Sunday, 21 October 2007

Positive feedback in global warming...

Most studies indicate that global warming is happening quicker than previously thought.

Positive feedback is probably responsible for some of it. An example will explain how this works:
Arctic ice is highly reflective and sends a good fraction of sun's energy back into spcae. If the ice melts then it is replaced by darker looking water which reflects less light and absorbs more of the incident energy causing additional warming. This warming then melts more ice that then results in still greater absorption of solar energy. And so the cycle goes on, feeding on itself. All the evidence is that the amount of arctic ice is shrinking rather rapidly.

Another example of positive feedback may be the oceans that are vast sinks of carbon di-oxide. Water vapour and carbon di-oxide are two main gases in the atmosphere that prevent energy from escaping from the earth. Warmer oceans create more water vapour and also absorb less carbon di-oxide. This then creates more warming etc.

Recent studies have found that oceans are absorbing only half the amount of carbon di-oxide from the atmosphere now compared with the amount they soaked up 12 years ago. This is too rapid a change and a real cause of worry about a run-away situation resulting...

Need to do something positive...!

Friday, 12 October 2007

Nobel Peace Prize for Climate Change Campaigners...

Climate change campaigner Al Gore and the UN's Intergovernmental Panel on Climate Change (IPCC) have been jointly awarded the Nobel Peace Prize for 2007.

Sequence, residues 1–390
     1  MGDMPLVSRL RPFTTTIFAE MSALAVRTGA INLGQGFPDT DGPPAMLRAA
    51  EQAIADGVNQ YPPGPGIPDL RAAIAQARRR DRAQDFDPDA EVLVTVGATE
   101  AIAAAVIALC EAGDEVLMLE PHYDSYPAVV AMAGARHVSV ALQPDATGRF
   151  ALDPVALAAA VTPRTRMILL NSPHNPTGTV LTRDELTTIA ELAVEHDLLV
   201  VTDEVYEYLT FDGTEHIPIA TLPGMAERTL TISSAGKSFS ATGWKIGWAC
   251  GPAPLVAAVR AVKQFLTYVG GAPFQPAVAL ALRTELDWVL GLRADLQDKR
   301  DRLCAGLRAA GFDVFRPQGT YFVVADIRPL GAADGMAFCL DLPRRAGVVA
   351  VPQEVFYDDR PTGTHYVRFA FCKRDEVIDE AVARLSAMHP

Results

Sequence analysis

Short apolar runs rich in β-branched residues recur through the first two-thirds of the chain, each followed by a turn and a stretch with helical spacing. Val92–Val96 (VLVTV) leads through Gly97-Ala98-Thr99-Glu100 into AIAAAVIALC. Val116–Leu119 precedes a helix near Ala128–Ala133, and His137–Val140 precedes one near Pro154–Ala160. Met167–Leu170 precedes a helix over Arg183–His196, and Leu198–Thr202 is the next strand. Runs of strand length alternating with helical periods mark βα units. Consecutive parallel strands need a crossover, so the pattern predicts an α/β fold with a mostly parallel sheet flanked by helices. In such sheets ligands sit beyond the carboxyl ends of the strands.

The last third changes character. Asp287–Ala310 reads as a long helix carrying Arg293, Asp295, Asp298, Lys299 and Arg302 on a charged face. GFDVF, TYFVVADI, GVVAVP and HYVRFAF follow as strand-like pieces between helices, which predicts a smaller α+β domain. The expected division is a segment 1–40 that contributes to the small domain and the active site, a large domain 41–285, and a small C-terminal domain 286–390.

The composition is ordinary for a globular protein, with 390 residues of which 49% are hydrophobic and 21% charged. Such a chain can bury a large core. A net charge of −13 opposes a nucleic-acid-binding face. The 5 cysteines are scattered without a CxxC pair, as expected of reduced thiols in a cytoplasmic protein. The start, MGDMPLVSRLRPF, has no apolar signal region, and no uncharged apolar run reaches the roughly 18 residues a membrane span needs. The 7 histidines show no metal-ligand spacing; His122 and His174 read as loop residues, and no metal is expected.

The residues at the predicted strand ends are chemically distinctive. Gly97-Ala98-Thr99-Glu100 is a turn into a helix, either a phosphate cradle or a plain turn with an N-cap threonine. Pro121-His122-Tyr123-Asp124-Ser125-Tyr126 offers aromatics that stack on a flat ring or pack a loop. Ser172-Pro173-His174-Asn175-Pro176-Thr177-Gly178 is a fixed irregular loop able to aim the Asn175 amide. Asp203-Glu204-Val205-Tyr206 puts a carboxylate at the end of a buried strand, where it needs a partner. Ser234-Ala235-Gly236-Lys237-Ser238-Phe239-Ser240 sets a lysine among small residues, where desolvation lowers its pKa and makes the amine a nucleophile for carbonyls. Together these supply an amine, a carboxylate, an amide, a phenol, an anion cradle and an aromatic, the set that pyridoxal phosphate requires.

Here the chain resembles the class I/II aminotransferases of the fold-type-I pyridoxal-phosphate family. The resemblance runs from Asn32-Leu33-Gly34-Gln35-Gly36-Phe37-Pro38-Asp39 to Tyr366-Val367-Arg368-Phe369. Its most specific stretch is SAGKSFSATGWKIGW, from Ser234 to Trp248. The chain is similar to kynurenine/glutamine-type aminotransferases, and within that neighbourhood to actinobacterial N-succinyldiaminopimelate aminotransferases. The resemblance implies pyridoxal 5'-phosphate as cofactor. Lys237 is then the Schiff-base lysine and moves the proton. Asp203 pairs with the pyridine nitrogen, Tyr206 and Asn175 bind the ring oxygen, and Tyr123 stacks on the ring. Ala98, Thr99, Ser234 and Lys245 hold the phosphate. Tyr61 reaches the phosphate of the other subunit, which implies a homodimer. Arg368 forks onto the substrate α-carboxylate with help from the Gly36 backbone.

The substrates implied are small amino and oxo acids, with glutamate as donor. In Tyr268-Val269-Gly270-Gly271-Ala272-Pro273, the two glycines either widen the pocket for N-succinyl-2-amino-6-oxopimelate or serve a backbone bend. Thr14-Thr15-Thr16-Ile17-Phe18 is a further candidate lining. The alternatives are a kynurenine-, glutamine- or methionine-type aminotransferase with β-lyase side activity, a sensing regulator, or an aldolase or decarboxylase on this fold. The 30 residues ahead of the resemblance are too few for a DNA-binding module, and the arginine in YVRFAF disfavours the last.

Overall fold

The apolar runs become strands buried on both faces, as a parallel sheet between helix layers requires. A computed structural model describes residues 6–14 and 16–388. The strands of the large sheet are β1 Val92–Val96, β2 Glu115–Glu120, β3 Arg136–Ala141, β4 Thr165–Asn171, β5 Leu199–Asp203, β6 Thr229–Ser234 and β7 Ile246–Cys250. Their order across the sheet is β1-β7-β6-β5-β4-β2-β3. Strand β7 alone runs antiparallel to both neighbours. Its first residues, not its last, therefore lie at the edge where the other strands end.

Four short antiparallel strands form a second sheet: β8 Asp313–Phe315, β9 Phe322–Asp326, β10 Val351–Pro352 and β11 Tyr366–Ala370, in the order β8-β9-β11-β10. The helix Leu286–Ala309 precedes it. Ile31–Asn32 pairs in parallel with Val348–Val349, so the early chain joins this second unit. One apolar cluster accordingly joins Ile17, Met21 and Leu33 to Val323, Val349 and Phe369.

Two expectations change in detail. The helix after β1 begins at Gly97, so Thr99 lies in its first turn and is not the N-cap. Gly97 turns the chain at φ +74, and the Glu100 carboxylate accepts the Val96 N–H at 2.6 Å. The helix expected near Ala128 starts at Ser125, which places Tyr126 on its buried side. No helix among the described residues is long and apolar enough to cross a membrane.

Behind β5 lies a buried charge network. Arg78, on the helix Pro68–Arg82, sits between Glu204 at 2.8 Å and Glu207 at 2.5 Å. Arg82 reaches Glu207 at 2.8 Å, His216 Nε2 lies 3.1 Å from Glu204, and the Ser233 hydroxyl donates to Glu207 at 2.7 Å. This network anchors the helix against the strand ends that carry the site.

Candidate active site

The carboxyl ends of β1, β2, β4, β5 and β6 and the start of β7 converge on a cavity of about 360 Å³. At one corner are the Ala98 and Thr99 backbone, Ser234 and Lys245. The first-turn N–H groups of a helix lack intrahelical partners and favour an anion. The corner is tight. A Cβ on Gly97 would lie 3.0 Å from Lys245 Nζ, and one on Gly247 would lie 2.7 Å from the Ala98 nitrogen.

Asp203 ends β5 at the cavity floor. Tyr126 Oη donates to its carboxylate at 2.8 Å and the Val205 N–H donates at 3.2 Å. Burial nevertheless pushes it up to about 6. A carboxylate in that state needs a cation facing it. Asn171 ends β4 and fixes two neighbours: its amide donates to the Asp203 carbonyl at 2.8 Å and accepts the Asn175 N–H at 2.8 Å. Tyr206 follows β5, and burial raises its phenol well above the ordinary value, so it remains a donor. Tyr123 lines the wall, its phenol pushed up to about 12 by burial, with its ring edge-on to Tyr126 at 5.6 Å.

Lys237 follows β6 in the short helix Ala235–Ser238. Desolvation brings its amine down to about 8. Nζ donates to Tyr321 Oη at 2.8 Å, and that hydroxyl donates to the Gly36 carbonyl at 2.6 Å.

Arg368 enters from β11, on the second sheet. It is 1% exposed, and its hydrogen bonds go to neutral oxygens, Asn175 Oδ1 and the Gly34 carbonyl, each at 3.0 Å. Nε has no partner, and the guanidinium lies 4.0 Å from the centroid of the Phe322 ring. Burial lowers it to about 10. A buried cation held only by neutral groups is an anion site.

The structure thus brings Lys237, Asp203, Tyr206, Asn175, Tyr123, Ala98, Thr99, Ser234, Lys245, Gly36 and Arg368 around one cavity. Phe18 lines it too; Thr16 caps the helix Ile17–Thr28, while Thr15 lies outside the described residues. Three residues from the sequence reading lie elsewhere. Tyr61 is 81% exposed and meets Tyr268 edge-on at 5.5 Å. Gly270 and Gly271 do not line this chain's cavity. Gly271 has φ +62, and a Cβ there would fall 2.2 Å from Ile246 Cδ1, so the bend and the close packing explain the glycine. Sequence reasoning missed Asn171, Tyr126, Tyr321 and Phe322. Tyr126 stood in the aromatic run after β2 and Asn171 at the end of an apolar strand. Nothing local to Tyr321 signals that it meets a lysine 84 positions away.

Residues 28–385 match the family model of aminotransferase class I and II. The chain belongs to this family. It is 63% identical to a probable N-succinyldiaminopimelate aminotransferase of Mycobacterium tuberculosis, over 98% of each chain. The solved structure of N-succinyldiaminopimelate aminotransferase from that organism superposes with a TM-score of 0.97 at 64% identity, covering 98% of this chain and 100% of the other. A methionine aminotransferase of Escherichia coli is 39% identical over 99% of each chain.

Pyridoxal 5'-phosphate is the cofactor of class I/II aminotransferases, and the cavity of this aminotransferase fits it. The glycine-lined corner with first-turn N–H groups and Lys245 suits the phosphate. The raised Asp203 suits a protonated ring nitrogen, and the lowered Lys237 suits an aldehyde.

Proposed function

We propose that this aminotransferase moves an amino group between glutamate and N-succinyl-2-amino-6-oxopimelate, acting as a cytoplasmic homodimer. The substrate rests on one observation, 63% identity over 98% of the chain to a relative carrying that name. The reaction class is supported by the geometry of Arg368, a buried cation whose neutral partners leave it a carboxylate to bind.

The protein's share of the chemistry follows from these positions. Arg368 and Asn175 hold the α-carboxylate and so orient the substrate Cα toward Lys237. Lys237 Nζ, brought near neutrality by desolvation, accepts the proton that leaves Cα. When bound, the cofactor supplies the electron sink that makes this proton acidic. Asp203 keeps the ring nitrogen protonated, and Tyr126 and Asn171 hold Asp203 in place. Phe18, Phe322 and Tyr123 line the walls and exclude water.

The UN's IPCC, comprising 3,000 leading climate scientists, is the world's top authority on global warming.

The Nobel committee said it wanted to help the world focus on the threat it faced from climate change.

I think it is a good decision and timely. We must be very close to the 'tipping point' when sensible measures to avoid a runaway scenario may not work. Hope common sense prevails.

Tuesday, 9 October 2007

Two extra suitcases and going no where...

Morbidly obese is someone with body mass index (BMI) greater than 40 - acceptable is 20 to 25.

This is like carrying two 20 kg suitcases everywhere you go - travelling or not. What the extra baggage does to the joints is not difficult to guess. The greatly increased risk of a number of cancers, diabetes and heart problems is well documented. And what about BP (and I do not mean British Petroleum!)

This is the worrying trend found by a study of 12000 people over the past ten years. Number of morbidly obese has doubled - probably not too different than the increase in the number of take aways or the increase in the number of TV channels. The waist size is on average 1.5 inches bigger. It is all very worrying...

BMI is calculated by dividing your weight in kg by square of the height in metres.
Underweight is <19, acceptable is 20 to 25, overweight is 25 to 30, obese is 30 to 40.
Where are you?